The FDA is looking to higher-ups for help sorting out a potential conflict of interest on the recent Avandia advisory panel. After news emerged last week that one panelist, endocrinologist David Capuzzi, had been paid to speak on behalf of a GlaxoSmithKline (NYSE: GSK) product, agency officials asked Health and Human Services investigators to look into the situation.
Capuzzi tells the Wall Street Journal that he had served as a paid speaker for GSK, but not on behalf of Avandia. It's unclear what Capuzzi told the FDA about that financial relationship. The company had said Capuzzi spoke about Lovaza, a drug to lower triglycerides, to doctors earlier this year and a few years previously, and received more than $14,000. But now GSK is saying Capuzzi once served on an advisory board on Avandia and received $750, the WSJ reports.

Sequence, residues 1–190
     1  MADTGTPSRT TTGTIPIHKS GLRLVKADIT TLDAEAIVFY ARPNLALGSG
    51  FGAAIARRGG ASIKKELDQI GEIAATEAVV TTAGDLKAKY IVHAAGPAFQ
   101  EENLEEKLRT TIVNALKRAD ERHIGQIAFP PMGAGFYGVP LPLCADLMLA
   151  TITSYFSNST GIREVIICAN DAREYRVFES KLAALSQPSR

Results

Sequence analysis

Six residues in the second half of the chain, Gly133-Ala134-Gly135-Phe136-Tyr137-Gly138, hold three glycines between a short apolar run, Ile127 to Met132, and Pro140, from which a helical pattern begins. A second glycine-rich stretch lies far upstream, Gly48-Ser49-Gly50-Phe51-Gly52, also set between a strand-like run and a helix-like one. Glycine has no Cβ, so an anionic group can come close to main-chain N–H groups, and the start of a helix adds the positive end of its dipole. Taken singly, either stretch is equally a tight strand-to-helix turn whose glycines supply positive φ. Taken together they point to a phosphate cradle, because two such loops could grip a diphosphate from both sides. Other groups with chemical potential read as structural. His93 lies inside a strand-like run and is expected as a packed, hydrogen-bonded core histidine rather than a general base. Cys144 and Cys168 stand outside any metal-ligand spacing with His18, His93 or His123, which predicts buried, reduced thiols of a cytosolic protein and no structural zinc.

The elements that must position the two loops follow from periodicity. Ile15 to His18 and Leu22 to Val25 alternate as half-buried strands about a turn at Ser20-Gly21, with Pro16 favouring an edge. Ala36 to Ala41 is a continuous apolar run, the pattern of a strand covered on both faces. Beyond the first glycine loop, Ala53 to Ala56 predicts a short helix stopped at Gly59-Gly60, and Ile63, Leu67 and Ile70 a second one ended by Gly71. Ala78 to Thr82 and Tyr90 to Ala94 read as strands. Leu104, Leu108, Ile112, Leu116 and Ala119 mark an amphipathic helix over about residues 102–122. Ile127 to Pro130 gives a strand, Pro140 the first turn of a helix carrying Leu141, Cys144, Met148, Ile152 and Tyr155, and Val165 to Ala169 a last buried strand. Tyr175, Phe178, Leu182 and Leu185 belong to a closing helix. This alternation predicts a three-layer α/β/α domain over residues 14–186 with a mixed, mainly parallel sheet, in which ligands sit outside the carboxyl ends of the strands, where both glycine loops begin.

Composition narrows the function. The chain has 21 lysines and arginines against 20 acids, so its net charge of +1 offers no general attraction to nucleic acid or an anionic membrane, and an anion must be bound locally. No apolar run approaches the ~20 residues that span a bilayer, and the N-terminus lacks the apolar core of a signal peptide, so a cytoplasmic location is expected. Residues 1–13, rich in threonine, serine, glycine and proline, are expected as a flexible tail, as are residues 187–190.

The agency had supposedly vetted all of the Avandia panelists very carefully for potential conflicts, knowing that the Avandia vote was likely to be contentious. Complicating matters, Capuzzi was one of only three panelists who voted to leave the controversial diabetes drug on the market with no additional warnings or restrictions.
After the WSJ report, the FDA launched an internal investigation. And now, it's referring its findings to the HHS Office of Inspector General. The FDA says it can't by law disclose just what Capuzzi told the agency about his relationship with GSK.
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